The Accidental Empire by Gershom Gorenberg
Israel and the Birth of the Settlements, 1967-1977

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The untold story, based on groundbreaking original research, of the actions and inactions that created the Israeli settlements in the occupied territories

After Israeli troops defeated the armies of Egypt, Syria, and Jordan in June 1967, the Jewish state seemed to have reached the pinnacle of success. But far from being a happy ending, the Six-Day War proved to be the opening act of a complex political drama, in which the central issue became: Should Jews build settlements in the territories taken in that war?

The Accidental Empire is Gershom Gorenberg's masterful and gripping account of the strange birth of the settler movement, which was the child of both Labor Party socialism and religious extremism. It is a dramatic story featuring the giants of Israeli history--Moshe Dayan, Golda Meir, Levi Eshkol, Yigal Allon--as well as more contemporary figures like Ariel Sharon, Yitzhak Rabin, and Shimon Peres. Gorenberg also shows how the Johnson, Nixon, and Ford administrations turned a blind eye to what was happening in the territories, and reveals their strategic reasons for doing so.

Drawing on newly opened archives and extensive interviews, Gorenberg reconstructs what the top officials knew and when they knew it, while weaving in the dramatic first-person accounts of the settlers themselves. Fast-moving and penetrating, The Accidental Empire casts the entire enterprise in a new and controversial light, calling into question much of what we think we know about this issue that continues to haunt the Middle East.


About Gershom Gorenberg

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Gershom Gorenberg has written for the Atlantic, New York Times Magazine, New York Review of Books, Foreign Policy, and Ha'aretz. He is the author of The Accidental Empire: Israel and the Birth of the Settlements, 1967-1977; The End of Days: Fundamentalism and the Struggle for the Temple Mount; and the coauthor of The Jerusalem Report's 1996 biography of Yitzhak Rabin, Shalom Friend, which won the National Jewish Book Award. As a commentator on Middle East affairs and on religion, Gorenberg has appeared on Sixty Minutes, Nightline, Dateline NBC, NPR's Fresh Air, and on CNN and the BBC. For many years an associate editor of The Jerusalem Report, he is now a senior correspondent for The American Prospect. He blogs at Gorenberg made aliyah from California in 1977. He lives in Jerusalem with his wife, journalist Myra Noveck, and their three children.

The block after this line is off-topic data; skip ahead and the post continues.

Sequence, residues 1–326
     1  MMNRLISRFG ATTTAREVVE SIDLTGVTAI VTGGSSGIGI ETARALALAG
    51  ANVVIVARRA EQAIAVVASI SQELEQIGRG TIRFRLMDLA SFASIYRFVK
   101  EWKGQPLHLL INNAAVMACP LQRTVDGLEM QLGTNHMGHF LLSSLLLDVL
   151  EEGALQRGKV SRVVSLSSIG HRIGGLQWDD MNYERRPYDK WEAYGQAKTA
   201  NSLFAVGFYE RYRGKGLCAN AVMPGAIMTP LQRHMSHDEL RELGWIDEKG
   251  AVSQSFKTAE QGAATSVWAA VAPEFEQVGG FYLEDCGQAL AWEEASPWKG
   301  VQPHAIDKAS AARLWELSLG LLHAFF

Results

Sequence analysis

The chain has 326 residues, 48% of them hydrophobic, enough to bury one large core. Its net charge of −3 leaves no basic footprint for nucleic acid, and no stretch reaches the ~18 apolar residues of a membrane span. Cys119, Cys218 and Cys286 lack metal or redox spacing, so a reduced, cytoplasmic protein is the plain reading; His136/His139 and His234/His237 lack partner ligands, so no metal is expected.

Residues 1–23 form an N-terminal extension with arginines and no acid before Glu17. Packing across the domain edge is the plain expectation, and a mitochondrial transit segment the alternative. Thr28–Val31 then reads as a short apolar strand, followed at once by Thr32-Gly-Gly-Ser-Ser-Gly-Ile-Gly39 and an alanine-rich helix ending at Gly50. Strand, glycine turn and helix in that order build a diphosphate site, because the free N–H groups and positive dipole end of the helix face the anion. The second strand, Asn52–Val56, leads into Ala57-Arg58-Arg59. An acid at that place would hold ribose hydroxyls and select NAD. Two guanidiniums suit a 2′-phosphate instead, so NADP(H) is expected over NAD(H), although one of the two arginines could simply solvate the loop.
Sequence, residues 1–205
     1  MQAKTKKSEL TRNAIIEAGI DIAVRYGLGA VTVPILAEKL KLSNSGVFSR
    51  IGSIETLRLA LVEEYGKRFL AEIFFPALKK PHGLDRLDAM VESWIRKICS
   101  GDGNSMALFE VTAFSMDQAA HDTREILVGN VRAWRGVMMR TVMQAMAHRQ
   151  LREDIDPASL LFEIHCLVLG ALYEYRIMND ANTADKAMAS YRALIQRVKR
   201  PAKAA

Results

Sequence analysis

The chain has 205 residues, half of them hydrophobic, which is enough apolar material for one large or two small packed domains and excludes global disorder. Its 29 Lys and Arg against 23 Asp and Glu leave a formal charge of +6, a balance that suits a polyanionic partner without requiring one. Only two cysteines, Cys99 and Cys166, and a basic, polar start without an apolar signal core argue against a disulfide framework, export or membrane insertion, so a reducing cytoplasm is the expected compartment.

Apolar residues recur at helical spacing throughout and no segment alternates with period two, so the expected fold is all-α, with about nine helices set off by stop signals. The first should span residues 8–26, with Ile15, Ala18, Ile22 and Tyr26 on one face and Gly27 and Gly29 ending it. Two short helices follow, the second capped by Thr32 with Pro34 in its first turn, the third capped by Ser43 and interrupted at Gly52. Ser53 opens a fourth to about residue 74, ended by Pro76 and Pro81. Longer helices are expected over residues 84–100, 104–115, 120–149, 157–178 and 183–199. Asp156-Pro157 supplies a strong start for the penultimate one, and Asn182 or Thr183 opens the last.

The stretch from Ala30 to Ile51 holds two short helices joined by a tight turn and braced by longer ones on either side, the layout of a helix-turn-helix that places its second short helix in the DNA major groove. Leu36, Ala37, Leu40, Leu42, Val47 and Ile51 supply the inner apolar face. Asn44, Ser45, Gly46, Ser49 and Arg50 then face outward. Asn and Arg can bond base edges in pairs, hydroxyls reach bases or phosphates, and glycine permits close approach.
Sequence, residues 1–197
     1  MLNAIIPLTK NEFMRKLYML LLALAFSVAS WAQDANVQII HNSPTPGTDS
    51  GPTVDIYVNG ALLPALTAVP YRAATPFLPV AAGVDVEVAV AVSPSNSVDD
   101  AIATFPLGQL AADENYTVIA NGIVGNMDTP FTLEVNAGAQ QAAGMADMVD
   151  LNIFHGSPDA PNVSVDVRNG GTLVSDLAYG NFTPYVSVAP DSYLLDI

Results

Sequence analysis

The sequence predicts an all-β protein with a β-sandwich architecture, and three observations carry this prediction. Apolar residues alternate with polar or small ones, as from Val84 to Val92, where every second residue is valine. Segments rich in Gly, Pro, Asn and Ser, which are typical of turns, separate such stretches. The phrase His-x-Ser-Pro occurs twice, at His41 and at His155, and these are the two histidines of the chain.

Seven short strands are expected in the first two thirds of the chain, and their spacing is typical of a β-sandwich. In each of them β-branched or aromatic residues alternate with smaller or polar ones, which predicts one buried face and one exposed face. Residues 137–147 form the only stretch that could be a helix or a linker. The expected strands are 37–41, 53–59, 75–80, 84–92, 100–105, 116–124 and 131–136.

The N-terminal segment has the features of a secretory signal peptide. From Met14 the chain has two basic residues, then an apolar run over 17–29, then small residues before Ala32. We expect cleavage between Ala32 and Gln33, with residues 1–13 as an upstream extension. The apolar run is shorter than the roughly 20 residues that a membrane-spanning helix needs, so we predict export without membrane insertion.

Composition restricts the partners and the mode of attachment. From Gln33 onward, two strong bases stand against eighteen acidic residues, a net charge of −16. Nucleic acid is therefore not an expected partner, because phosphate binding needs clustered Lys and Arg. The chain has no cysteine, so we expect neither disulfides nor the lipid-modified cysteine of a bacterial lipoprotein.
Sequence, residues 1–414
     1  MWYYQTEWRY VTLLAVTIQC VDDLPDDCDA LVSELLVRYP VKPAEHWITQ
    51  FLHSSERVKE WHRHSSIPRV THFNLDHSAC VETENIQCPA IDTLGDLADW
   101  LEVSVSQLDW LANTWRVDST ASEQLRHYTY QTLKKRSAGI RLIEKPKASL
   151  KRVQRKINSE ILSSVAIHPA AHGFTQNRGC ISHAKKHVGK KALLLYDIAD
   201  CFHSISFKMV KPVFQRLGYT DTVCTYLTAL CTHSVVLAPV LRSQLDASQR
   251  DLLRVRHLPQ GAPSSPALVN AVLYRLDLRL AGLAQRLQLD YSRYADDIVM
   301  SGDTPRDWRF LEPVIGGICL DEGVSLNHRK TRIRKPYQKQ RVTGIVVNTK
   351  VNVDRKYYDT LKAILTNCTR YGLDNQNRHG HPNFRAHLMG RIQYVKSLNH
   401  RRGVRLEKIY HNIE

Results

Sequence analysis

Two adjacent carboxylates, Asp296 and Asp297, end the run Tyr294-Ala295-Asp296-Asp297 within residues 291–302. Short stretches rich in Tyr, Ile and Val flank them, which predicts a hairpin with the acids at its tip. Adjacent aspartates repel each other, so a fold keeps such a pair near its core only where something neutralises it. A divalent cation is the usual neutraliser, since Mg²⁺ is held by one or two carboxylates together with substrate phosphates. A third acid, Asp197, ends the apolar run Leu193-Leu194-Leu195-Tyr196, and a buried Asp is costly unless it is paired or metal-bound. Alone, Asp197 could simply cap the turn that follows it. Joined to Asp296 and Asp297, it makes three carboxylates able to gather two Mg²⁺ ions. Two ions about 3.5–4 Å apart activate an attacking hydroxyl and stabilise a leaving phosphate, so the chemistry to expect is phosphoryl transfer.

Published March 6, 2007 by Times Books. 480 pages
Genres: History, Travel. Non-fiction

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Gaza was effectively cordoned off, while Israeli civilian settlements punctuated occupied territory precisely “to prevent the creation of a Palestinian state.” This development was spearheaded by some of the same leftist kibbutzim, though now allied with members of the religious right whose stock...

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The New York Times

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A journalist blames an Israeli policy of no policy for the West Bank settlements.

May 07 2006 | Read Full Review of The Accidental Empire: Israel...

Publishers Weekly

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While brutally honest about the failings of Golda Meir (intolerant of dissent), Moshe Dayan (who thought occupation could be benign) and other Israeli figures (as well as those of their Arab opponents), Gorenberg, an associate editor of the Jerusalem Report , understands their secret sympathy for...

Jan 16 2006 | Read Full Review of The Accidental Empire: Israel...

The New York Review of Books

I remember first meeting him soon after the 1967 war at a meeting with Haaretz editors: he was still an army general at the time, greatly admired for his victory in a war ominously named after the Six Days of Creation.

Jun 22 2006 | Read Full Review of The Accidental Empire: Israel...

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